Here’s a topic that we don’t know a lot about. When I was in my early teens, I worked for a sporting goods store so I learned some of the ice fishing terminology and what the equipment looked like. But this is one sport I have never tried. It sounds like fun, though, going out onto a frozen river or lake, putting up a hut, cutting out a hole with an auger, sticking in a rod, and then waiting for the fish to bite. Maybe this should be one of our next adventures to look forward to. I can’t think of anything that is stopping us and there are lots of places to go in the winter.
The reason we got more interested in ice fishing is that one of our readers wrote in asking us about transducers and how they work. In the simplest form of a definition, they are a way to locate schools of fish. I am more familiar with customers buying them for the summer fishing season, so it was new to me about the winter. Anyway, depth finders are electronic boxes that work off of sonar pings, which seems obvious, since the fish are in the water. Further, they are a type of computer technology, so they have software that will require updating.
To be honest, after Alex wrote in, it got me thinking that ice fishing fish finders would be ideal because you could be sitting in the cold a long time. At least with warm weather fishing, you don’t have as much preparation other than grabbing a rod, reel and some bait, but if you take the time to cut out a hole in the ice, you have to hope some fish pass by. That means your electronic box could come in real handy and pay for itself in no time.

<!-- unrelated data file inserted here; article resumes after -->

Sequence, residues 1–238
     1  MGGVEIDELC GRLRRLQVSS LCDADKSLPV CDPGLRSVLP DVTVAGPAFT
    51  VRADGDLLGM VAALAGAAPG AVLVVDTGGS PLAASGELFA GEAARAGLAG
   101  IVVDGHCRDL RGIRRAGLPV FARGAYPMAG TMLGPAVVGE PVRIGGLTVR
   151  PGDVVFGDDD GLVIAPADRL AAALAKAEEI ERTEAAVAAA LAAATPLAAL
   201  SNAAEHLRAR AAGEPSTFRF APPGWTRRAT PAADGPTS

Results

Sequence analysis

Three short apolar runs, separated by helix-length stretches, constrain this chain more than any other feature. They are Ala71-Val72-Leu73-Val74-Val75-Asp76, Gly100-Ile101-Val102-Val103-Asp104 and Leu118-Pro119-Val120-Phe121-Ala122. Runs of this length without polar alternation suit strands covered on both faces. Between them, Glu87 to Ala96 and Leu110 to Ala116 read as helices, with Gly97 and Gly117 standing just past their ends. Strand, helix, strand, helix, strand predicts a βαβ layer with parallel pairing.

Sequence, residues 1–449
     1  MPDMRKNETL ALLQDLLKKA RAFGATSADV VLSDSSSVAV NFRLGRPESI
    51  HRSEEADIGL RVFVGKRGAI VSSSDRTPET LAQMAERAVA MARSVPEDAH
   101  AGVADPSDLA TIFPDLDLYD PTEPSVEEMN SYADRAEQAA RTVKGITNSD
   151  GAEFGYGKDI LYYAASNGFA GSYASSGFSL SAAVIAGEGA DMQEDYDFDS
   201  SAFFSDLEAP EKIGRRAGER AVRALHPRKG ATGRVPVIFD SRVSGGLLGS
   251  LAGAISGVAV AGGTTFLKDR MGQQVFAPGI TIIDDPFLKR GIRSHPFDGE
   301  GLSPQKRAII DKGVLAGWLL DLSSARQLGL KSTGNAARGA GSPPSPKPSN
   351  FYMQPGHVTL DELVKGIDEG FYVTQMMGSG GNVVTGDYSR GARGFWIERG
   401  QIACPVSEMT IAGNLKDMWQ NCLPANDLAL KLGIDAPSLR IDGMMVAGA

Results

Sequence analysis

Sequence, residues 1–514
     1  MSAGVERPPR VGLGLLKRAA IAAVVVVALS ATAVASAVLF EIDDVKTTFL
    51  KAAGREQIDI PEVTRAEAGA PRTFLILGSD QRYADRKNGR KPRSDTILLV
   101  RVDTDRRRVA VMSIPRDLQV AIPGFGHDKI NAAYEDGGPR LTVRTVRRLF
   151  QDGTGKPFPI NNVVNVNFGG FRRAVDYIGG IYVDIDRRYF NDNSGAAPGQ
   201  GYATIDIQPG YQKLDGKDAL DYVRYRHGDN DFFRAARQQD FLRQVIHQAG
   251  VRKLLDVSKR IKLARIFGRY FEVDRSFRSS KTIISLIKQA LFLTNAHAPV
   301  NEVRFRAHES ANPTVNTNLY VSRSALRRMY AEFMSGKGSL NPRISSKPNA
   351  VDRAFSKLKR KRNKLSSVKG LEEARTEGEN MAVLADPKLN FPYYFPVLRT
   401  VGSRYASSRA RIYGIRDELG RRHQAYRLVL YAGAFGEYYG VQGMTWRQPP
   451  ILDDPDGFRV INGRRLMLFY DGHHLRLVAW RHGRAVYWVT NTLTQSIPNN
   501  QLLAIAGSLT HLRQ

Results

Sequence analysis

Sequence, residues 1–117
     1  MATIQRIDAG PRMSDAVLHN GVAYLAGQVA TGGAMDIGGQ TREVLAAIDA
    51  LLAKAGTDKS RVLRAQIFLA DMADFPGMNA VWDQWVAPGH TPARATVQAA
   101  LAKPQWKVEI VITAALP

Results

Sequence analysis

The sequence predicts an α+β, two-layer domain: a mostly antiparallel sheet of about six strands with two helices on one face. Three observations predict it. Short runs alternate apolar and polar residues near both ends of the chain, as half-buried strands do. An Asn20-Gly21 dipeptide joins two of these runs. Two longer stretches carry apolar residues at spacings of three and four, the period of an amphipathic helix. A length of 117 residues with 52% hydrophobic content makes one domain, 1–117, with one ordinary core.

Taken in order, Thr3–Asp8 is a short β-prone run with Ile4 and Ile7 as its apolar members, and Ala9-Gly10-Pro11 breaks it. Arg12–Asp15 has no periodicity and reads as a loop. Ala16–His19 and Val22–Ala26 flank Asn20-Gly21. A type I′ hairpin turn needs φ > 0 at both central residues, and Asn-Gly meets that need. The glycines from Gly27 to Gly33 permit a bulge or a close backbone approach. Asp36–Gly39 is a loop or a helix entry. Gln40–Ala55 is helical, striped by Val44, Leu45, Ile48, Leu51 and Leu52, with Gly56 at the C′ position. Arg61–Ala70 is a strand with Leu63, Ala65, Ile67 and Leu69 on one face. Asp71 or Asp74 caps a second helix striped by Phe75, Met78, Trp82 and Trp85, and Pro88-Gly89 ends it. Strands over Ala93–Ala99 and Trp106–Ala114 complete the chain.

We have looked around and found five that we think might be a good match for all you wintry fishermen out there.
Points To Expand Upon
#1 – I should clarify something about terminology. Although a lot of people came into the store asking for a transducer, this is a separate component from the depth finder. Actually, you really need both pieces. One is how the fish are found and the other is the display module to read things like depth of water, location of fish, and temperature of water.
#2 – There seem to be three types of depth finders best suited to ice water fishing. They are called portable models, flashers, and traditional units.
#3 – When using a depth finder on a boat, some type of mounting bracket affixes the unit to the side of the boat for stability. Since ice fishing is not done out of a boat, the unit needs to be portable. I’ve read, though, where lots of fishermen have come up with home made solutions to keep the transducer on the edge of the hole.
#4 – A traditional unit mounted on a boat requires some sort of power to operate. This may be difficult to do while ice fishing, so you may have to use one of the other models. Again, if you read around, there is plenty of ingenuity out there.
#5 – Although rare, sometimes units do not like the real cold. It is not the screen itself, but rather the batteries and electronics. Usually, when it gets warmed up, it will start running again. Likewise, be careful that your transducer doesn’t get frozen to the ice.